Op-ed: Deepfakes do not Belong in our Democracy

By Tom Cormen

March 27, 2024

Perhaps you have heard this one before:

“How can you tell when a politician is lying”?
“Their lips are moving.”

Yes, you should be skeptical when politicians make claims that are exaggerated or even “alternative facts.” But what about when you see video or hear audio of someone? That’s hard evidence that they did or said something, right?

Not necessarily.

Artificial intelligence (AI) has made extraordinary progress in the last couple of years. I know, because I have been in computer science for 50 years, was a computer science professor at Dartmouth College for just shy of 30 years, and I chaired the computer science department for six years. I’ve been following AI for decades, and the explosion in AI’s capabilities that you read and hear about—it’s true. AI can now produce “deepfakes”—video, audio, and images—that are fake, but seem so real that only an expert can tell whether media constitutes a deepfake.

Are deepfakes going to influence our elections? Not only are they going to, they already have. Recall the audio just before the New Hampshire Primary of President Biden telling people not to vote. Except that it wasn’t President Biden, it was a deepfake. Not a particularly good one, but good enough to fool some people. And deepfakes are only going to get better.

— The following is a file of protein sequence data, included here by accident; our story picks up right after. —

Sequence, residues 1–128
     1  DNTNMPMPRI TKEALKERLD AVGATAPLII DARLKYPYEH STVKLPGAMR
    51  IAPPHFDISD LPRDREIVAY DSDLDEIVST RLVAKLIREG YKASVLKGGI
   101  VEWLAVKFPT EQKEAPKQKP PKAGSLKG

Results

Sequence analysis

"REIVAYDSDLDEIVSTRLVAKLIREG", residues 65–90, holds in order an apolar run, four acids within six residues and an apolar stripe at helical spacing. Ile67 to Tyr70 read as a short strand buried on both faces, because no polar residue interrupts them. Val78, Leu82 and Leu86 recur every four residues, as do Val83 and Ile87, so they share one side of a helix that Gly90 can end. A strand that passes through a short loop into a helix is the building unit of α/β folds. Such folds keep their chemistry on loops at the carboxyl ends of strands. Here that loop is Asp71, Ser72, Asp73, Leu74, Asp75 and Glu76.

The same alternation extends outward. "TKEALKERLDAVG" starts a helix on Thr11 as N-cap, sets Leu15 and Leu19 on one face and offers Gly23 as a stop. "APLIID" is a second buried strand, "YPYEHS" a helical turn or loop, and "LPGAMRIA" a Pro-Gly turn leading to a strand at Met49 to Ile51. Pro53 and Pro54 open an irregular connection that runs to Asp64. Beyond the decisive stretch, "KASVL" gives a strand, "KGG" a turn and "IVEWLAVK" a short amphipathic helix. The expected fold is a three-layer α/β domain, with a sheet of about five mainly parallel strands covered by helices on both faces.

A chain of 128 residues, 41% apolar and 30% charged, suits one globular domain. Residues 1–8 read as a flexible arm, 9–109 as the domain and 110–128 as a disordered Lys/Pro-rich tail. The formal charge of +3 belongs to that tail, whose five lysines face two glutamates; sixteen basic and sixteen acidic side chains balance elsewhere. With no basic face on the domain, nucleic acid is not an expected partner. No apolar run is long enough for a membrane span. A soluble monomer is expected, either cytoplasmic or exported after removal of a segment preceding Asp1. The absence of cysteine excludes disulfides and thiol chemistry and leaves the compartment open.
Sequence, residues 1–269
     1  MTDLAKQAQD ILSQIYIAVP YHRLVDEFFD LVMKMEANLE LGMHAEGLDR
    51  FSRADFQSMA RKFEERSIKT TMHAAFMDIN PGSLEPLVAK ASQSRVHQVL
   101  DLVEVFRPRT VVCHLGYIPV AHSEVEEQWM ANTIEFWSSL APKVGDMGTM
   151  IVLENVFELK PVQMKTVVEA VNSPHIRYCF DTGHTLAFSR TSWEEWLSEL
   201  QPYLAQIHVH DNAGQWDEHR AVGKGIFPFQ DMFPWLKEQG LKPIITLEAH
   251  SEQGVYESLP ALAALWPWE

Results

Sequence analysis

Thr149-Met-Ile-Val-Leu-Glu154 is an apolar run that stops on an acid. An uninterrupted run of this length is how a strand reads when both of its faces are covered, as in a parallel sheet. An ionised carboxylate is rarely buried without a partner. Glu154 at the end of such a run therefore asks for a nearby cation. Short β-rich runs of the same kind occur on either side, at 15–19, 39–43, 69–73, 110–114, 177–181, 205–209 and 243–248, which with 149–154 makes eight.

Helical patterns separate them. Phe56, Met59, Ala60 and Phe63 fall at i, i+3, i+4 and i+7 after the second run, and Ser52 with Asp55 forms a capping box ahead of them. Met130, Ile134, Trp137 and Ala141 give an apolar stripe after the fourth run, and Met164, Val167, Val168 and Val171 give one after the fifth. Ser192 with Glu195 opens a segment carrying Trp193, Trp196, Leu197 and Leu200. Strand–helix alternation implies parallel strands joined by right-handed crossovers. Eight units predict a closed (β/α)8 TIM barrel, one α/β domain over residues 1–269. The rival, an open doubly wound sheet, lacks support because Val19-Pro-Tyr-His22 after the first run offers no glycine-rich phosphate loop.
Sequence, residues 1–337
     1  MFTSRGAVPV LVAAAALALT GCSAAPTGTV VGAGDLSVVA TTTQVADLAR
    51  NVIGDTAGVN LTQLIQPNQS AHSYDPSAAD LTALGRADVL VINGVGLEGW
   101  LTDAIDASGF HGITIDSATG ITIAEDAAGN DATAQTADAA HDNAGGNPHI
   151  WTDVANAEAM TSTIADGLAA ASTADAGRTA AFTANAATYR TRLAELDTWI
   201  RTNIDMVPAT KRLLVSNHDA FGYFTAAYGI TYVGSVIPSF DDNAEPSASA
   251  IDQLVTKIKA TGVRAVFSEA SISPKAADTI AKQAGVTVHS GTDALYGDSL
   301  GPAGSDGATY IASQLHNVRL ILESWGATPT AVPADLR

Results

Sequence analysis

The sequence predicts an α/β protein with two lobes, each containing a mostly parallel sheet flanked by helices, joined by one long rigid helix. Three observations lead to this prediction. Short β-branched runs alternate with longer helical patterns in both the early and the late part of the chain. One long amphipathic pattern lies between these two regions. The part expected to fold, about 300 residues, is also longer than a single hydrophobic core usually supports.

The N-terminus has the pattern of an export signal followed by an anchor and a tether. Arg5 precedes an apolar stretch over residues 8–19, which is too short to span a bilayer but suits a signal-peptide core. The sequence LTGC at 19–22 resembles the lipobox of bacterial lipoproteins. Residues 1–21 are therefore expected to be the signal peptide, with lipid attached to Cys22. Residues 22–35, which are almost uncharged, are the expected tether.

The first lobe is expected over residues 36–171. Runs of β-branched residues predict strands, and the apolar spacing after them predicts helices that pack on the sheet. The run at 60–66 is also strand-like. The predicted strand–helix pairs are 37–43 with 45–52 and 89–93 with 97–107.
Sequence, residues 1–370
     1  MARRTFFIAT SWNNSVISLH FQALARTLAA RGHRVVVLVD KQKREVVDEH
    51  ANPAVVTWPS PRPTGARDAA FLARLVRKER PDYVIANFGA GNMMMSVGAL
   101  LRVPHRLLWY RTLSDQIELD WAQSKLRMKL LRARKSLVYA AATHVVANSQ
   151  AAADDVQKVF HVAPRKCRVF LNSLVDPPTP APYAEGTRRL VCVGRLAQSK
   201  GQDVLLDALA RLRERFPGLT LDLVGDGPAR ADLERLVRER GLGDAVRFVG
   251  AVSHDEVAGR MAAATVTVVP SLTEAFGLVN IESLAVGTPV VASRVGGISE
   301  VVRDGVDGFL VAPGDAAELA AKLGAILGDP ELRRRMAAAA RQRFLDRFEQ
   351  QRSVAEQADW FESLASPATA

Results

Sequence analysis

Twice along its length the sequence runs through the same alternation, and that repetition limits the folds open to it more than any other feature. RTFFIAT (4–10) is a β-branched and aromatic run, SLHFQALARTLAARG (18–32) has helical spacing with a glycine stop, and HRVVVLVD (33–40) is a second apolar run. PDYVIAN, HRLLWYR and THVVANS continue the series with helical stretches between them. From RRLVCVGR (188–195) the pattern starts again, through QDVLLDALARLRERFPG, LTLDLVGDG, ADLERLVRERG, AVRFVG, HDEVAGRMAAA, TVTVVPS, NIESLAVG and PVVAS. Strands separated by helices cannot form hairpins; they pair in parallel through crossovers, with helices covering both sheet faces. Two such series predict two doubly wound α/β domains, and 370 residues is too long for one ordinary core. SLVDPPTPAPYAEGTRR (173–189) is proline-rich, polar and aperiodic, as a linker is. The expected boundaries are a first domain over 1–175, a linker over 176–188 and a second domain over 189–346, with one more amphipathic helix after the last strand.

It is one thing when a politician exaggerates or lies. You’re ready for that. It’s something else when there’s a deepfake video, audio, or image. That is fabricated evidence, and it must be disallowed.

Fortunately, there is a bill in the New Hampshire House, HB 1596, that bans deepfakes during election season. It is sponsored by Rep. Angela Brennan (D-Bow), and I am a cosponsor. We coordinated this bill with two others: HB 1432, which sets criminal and civil penalties for defamatory deepfakes, and HB 1688, which I sponsored and limits what our state agencies may do with AI. HB 1596 is the third part of this package of the first AI bills in New Hampshire.

HB 1596 will be coming to the floor of the House for a vote on Thursday. It should be a no-brainer since, after all, deepfakes can damage both Republicans and Democrats. Yet it somehow became a partisan issue in the Election Law Committee, even though the bill contains protections for broadcasters, internet service providers, and satire.

Disinformation in elections is bad enough as is. Let’s take steps to not allow it to get worse. Please contact your state representative and ask them to vote for HB 1596.




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